(09/09/2009) Britain’s Advertising Standards Authority (ASA), a group that regulates advertisements, has again banned “misleading” ads by the palm oil industry, reports the Guardian. ASA ruled that a campaign run by the Malaysian Palm Oil Council (MPOC) makes dubious claims, including that palm oil is the “only product able to sustainably and efficiently meet a larger portion of the world’s increasing demand for oil crop-based consumer goods, foodstuffs and biofuels.” The ad said criticism over “rampant deforestation and unsound environmental practices” were part of “protectionist agendas” not based on scientific fact. ASA held the ad breached several of its advertising standards codes, including “substantiation,” “truthfulness,” and “environmental claims.” In rebuking the MPOC, the ASA said that the merits of new eco-certification scheme promoted by the palm oil industry is “still the subject of debate” and that the ad’s attacks on detractors implied that all criticisms of the palm oil industry “were without a valid or scientific basis.”
(09/09/2009) The World Bank has agreed to suspend International Finance Corporation (IFC) funding of the oil palm sector pending the development of safeguards to ensure that lending doesn’t cause social or environmental harm, according to a letter by World Bank President Robert Zoellick to NGOs. A recent internal audit found that IFC funding of the Wilmar Group, a plantation developer, violated the IFC’s own procedures, allowing commercial concerns to trump environmental and social standards. The findings were championed by environmental and indigenous rights’ groups who have criticized World Bank support for industrial oil palm development which they say has driven large-scale destruction of forests in Indonesia, boosting greenhouse gas emissions, endangering rare and charismatic species of wildlife, including the orangutan, and displacing forest communities.
(09/05/2009) The Borneo Orangutan Survival Foundation (BOSF) has successfully released 46 orangutans back into the wild. The orangutans had been rescued from forest fragments and housed for months at the Nyaru Menteng Rescue and Reintroduction Project in Central Kalimantan until suitable — and secure — habitat was located. The release site is a section of rainforest in the upper Barito region of Central Kalimantan, within the Heart of Borneo.
(08/24/2009) At least 20,000 orangutans have been killed or captured for the illegal pet trade in the past ten years in Indonesia without a single prosecution, according to a report published by Nature Alert and the Centre for Orangutan Protection, groups that campaign on behalf of orangutans.
(08/20/2009) A baby orangutan ambles across the grass at the Borneo Orangutan Survival Foundation’s Nyaru Menteng rehabilitation center in Central Kalimantan, in the heart of Indonesian Borneo. The ape pauses, picks up a stick and makes his way over to a plastic log, lined with small holes. Breaking the stick in two, he pokes one end into a hole in an effort to extract honey that has been deposited by a conservation worker. His expression shows the tool’s use has been fruitful. But he is not alone. To his right another orangutan has turned half a coconut shell into a helmet, two others wrestle on the lawn, and another youngster scales a papaya tree. There are dozens of orangutans, all of which are about the same age. Just outside the compound, dozens of younger orangutans are getting climbing lessons from the Borneo Orangutan Survival Foundation (BOS) staff, while still younger orangutans are being fed milk from bottles in a nearby nursery. Still more orangutans—teenagers and adults—can be found on “Orangutan Island” beyond the center’s main grounds. Meanwhile several recently wild orangutans sit in cages. This is a waiting game. BOS hopes to eventually release all of these orangutans back into their natural habitat—the majestic rainforests and swampy peatlands of Central Kalimantan, on the island of Borneo. But for many, this is a fate that may never be realized.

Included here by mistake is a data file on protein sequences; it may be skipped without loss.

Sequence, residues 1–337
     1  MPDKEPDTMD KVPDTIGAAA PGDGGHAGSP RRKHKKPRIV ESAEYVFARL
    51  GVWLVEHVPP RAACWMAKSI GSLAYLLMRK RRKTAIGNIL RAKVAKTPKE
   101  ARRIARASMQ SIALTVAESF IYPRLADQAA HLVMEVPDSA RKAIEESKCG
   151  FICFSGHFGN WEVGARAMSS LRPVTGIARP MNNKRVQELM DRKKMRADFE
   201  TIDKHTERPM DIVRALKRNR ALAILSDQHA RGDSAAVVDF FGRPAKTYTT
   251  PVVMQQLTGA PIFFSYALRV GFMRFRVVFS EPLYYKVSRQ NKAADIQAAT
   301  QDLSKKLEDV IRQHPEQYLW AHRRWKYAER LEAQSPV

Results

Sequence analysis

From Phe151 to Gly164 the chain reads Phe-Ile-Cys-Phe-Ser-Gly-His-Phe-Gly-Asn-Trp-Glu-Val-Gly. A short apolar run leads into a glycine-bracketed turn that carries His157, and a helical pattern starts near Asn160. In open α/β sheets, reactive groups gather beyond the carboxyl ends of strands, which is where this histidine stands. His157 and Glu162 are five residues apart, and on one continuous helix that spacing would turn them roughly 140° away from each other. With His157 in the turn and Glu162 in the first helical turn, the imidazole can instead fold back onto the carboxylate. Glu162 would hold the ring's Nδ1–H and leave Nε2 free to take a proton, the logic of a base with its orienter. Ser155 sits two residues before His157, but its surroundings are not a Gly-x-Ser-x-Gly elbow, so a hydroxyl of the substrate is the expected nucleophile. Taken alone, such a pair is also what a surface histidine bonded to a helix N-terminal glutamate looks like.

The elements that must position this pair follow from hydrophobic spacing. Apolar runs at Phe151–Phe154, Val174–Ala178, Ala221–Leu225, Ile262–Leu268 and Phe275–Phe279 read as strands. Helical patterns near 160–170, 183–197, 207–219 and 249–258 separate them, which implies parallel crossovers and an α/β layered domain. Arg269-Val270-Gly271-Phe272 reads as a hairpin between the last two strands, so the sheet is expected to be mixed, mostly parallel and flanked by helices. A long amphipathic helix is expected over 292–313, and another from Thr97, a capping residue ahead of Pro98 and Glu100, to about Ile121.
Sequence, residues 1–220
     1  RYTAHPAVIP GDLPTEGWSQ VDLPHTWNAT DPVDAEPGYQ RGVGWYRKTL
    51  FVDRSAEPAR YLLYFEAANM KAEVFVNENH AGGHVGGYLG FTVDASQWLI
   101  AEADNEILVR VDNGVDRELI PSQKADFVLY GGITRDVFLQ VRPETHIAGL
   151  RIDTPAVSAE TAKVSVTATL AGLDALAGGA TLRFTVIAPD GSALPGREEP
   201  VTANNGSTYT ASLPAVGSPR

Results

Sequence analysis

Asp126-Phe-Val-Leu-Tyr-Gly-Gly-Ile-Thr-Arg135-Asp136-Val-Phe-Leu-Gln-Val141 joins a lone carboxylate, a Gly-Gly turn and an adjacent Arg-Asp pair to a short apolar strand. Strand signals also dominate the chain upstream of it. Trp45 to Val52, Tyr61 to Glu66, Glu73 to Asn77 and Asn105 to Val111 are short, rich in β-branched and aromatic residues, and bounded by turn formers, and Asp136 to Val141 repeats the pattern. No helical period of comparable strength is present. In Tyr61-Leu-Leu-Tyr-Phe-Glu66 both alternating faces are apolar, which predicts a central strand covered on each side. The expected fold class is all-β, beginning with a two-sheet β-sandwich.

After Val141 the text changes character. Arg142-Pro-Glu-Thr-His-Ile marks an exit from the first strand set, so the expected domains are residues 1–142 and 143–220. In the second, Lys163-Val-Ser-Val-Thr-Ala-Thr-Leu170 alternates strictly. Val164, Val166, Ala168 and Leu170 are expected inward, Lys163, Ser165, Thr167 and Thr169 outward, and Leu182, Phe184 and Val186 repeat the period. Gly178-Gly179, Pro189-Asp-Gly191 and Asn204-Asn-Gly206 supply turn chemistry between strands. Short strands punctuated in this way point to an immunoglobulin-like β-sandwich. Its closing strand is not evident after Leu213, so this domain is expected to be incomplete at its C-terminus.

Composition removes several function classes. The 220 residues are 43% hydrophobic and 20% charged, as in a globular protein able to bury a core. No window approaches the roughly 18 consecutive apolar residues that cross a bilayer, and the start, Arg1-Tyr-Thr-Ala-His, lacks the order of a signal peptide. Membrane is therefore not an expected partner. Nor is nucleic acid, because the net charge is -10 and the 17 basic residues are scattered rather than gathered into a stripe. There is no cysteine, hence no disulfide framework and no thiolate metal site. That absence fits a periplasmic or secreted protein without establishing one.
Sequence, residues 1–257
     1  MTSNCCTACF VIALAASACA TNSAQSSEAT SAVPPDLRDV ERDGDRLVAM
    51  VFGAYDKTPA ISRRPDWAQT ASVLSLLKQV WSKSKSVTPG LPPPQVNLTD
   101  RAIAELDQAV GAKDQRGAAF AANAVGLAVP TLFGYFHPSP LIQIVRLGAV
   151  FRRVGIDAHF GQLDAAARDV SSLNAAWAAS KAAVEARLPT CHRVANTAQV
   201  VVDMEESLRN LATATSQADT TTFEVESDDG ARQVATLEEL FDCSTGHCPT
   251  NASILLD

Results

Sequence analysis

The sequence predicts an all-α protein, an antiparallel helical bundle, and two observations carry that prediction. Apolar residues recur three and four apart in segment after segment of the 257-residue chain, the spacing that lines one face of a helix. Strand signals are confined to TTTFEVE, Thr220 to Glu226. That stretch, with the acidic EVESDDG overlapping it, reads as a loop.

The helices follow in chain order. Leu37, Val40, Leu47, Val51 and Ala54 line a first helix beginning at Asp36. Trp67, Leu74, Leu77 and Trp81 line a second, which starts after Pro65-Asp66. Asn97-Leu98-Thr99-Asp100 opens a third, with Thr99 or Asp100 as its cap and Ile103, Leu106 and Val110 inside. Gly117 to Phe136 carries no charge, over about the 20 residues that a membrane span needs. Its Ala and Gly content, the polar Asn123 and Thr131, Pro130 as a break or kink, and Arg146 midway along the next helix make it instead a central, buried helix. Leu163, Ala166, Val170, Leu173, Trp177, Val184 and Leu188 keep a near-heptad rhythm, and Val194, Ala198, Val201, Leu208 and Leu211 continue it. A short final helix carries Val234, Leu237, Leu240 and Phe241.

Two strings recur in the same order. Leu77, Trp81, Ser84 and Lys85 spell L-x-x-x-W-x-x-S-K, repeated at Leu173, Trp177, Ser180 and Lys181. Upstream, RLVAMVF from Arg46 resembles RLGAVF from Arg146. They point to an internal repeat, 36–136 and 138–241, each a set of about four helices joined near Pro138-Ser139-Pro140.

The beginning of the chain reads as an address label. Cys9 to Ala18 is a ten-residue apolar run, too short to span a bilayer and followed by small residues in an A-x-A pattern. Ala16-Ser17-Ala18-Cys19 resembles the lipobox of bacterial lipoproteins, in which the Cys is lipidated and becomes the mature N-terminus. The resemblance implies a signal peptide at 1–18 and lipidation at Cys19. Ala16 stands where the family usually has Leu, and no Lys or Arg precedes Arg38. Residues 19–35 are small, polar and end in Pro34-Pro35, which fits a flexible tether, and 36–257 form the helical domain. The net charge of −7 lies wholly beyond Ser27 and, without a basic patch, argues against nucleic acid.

(08/12/2009) A new report from published by the Center for International Forestry Research (CIFOR) highlights the benefits — and controversies — of large-scale expansion of oil palm agriculture in Southeast Asia. The review, titled “The impacts and opportunities of oil palm in Southeast Asia: What do we know and what do we need to know?”, notes that while oil palm is a highly productive and profitable crop, there are serious concerns about its environmental and social impact when established on disputed land or in place of tropical forests and peatlands.
(07/08/2009) Consumer apathy towards eco-certified palm oil have undermined efforts to improve the environmental performance of the industry, a top industry official told Reuters.
(06/23/2009) A Scottish firm has been implicated in funding a plan that would destroy the rainforest habitat of critically endangered orangutans in Sumatra.
(06/18/2009) Dr. Yusof Basiron, CEO of the Malaysian Palm Oil Council, the government-backed marketing arm of the Malaysian palm oil industry, claims on his blog that endangered orangutans benefit from living in proximity to oil palm plantations. Environmentalists scoff at the notion, maintaining that oil palm expansion is one of the greatest threats to orangutans.